Friday, July 13, 2007

Oldest Jewelry Found in Morocco Cave

Deliberate holes and a coating of red coloring are evident on four tiny snail shells recently found in a cave in Morocco. At 82,000 years old, the shells are the oldest known examples of human jewelry, researchers say, surpassing previous confirmed reports of ancient beads by about 10,000 years.
Photograph courtesy Ian Cartwright, Institute of Archaeology, Oxford University

Oldest Jewelry Found in Morocco Cave
Kate Ravilious
for National Geographic News

June 7, 2007

Tiny shells coated in red clay are the oldest known human ornamentation, an international team of archaeologists recently announced.

So far, 13 shells dated to 82,000 years ago have been found in the Grotte des Pigeons at Taforalt in eastern Morocco.

Each shell has a hole pierced through it and a covering of red ochre, an ancient pigment made from clay.

"The fact that they are colored and have deliberate perforations indicates that they were used as ornamentation," said Nick Barton from the University of Oxford in England, one of the archaeologists on the team.

Some of the shell "beads" show signs of wear inside the perforation, indicating that they were strung together as necklaces or bracelets.

"They were definitely meant to be seen," Barton said.

Sophisticated Cultures

The shells come from a genus of marine snail called Nassarius, which is not found along the Moroccan shoreline today.

The nearest place where the snails live is an island off Tunisia that lies more than 800 miles (1,280 kilometers) away (Africa map).

"It is possible that these beads were brought here from Tunisia and were very special objects," Barton said.

In a paper published in the June issue of the Proceedings of the National Academy of Sciences, the archaeologists suggest that the beads mark a shift in human development and the beginnings of modern cultural behavior.

"We think that they were capable of thinking symbolically and able to use one thing to represent another," Barton said.

Possibly the beads were used to establish group identity and indicate where certain people belonged.

Similar cultural signs, such as specialized tools and personal decoration, didn't arrive in Europe until around 40,000 years ago.

Conclusive Dating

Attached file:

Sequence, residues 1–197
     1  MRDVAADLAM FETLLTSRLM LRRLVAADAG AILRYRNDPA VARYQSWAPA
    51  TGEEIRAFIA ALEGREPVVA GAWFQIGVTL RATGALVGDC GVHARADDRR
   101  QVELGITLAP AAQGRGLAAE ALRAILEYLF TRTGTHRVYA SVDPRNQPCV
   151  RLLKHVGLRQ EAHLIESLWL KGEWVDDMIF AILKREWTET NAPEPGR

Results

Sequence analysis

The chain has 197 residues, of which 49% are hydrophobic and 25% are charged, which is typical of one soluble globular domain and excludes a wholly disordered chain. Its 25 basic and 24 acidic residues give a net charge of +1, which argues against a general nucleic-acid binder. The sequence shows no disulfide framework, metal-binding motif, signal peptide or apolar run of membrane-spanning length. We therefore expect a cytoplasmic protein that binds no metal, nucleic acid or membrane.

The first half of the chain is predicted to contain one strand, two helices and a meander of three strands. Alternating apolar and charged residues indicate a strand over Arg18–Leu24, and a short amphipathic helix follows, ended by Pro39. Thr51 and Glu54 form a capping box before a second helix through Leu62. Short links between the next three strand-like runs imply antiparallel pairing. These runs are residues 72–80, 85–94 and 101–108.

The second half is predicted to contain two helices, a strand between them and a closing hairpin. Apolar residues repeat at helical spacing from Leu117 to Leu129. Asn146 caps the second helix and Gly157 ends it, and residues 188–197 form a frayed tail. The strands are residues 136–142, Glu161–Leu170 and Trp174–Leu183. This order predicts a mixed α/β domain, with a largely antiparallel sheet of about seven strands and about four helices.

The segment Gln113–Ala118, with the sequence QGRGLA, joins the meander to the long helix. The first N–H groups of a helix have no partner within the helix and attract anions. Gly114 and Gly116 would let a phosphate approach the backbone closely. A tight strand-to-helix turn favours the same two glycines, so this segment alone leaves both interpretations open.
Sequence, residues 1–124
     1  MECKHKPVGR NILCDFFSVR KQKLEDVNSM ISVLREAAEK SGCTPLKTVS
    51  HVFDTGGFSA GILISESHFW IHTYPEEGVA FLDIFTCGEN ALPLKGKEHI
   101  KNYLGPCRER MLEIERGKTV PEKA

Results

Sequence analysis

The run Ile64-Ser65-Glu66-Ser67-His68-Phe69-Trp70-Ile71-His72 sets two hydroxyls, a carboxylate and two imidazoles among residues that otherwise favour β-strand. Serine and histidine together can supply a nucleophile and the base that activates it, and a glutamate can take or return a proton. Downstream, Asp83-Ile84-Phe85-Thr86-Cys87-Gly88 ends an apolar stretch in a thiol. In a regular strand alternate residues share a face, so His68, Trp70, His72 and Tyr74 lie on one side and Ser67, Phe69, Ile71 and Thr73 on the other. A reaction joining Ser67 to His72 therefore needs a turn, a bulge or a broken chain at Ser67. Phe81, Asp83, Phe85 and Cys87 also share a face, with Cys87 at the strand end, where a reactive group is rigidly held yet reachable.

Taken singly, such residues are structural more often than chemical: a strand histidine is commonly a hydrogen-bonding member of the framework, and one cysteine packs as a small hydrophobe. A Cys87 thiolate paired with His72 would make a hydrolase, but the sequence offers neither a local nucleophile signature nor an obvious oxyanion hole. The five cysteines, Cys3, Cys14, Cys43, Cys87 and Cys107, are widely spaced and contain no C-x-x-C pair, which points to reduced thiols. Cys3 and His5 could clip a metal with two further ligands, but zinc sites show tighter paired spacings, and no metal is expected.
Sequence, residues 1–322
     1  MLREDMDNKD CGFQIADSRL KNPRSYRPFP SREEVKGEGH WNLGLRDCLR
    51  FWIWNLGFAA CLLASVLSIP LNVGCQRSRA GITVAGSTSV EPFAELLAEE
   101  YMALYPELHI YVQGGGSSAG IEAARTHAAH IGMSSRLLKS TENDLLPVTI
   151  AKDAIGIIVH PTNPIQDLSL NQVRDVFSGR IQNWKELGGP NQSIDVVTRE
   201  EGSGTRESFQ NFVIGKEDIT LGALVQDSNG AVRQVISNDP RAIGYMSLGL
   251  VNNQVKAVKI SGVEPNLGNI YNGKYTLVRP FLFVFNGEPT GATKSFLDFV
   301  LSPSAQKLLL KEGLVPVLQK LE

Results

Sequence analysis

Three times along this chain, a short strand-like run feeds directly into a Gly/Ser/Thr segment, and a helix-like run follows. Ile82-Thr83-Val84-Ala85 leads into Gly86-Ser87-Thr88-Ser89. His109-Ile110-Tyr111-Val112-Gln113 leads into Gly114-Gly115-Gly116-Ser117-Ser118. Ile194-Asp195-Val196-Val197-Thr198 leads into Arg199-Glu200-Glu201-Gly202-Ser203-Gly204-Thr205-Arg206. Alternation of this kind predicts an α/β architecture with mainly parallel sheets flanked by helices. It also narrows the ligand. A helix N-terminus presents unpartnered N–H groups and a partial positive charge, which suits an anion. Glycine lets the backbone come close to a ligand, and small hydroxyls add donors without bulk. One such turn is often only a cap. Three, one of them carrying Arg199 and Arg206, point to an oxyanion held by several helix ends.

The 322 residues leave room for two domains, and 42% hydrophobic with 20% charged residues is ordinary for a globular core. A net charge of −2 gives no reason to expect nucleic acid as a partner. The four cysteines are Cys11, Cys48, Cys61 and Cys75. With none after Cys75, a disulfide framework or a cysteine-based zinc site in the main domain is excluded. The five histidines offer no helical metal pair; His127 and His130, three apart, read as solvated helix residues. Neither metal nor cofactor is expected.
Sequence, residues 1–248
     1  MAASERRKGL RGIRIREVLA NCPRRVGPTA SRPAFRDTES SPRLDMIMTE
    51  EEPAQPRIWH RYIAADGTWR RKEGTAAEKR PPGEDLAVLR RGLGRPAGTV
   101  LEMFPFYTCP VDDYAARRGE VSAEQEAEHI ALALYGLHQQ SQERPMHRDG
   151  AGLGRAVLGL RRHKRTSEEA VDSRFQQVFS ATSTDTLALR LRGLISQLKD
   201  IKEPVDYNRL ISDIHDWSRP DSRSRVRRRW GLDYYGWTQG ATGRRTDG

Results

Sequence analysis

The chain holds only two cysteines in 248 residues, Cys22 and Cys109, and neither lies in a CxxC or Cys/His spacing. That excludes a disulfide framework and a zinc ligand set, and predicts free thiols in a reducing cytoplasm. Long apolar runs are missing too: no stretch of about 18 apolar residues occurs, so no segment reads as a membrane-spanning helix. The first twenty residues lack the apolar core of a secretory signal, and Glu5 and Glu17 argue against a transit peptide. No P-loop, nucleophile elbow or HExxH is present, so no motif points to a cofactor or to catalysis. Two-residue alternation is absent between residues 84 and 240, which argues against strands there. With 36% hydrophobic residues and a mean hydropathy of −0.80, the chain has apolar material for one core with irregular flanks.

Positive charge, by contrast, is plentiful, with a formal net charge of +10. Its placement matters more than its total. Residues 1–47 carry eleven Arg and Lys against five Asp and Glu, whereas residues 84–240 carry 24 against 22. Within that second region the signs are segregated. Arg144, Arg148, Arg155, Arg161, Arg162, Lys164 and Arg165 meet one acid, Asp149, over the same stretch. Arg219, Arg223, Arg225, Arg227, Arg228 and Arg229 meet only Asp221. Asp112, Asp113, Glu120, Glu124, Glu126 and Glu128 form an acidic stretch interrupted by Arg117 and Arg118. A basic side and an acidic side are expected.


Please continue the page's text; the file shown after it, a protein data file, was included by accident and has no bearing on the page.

The Moroccan find is not the first example of ancient Nassarius shells that might have been beads.

Last June the same team reported that snail shells found at sites in Israel and Algeria were likely to be the world's oldest bead jewelry.

Initial analysis of the shells from Israel indicated them to be between 100,000 and 135,000 years old, while the Algerian shells were determined to be more than 35,000 years old.

For their latest study the team established the Moroccan shells' ages using four different dating techniques. This means the beads qualify as the world's oldest, they say, because the shells are the only ones to be dated so conclusively.

Abdeljalil Bouzouggar, from the Moroccan Institute of Archaeology, and colleagues found the shells in the Grotte des Pigeons alongside burnt stone remains in well-layered soil.

The team has also uncovered similar shells at other sites in Morocco and are currently awaiting dating results.

"Shells from other sites may turn out to be even older," Barton said, "and we may well be looking at ornamentation beyond a hundred thousand years ago."


Anonymous said...

this is something not soo much impressive, to me the most impressive discover was find Generic Viagra in a cave near to the great pyramid in Egypt, beside of course the strange vases with a chemical sustance like our actual energy batteries.

Anonymous said...

Great to read your article.
As a jeweller, living in Australia, a frequent visitor to Morocco.
I am interested in the interface of ordinary Moroccan jewellers and their designs and sales to tourists. I think there is scope for young jewellers to improve the market and have tried to help a couple of jewellers with simple strong design ideas, open to interpretation, and will be back in Morocco soon and will try to help further.
I have made a range of Moroccan inspired pieces, not for sale in Morocco as they would be far too expensive, though I have tried and was asked, “what is the kilo price”

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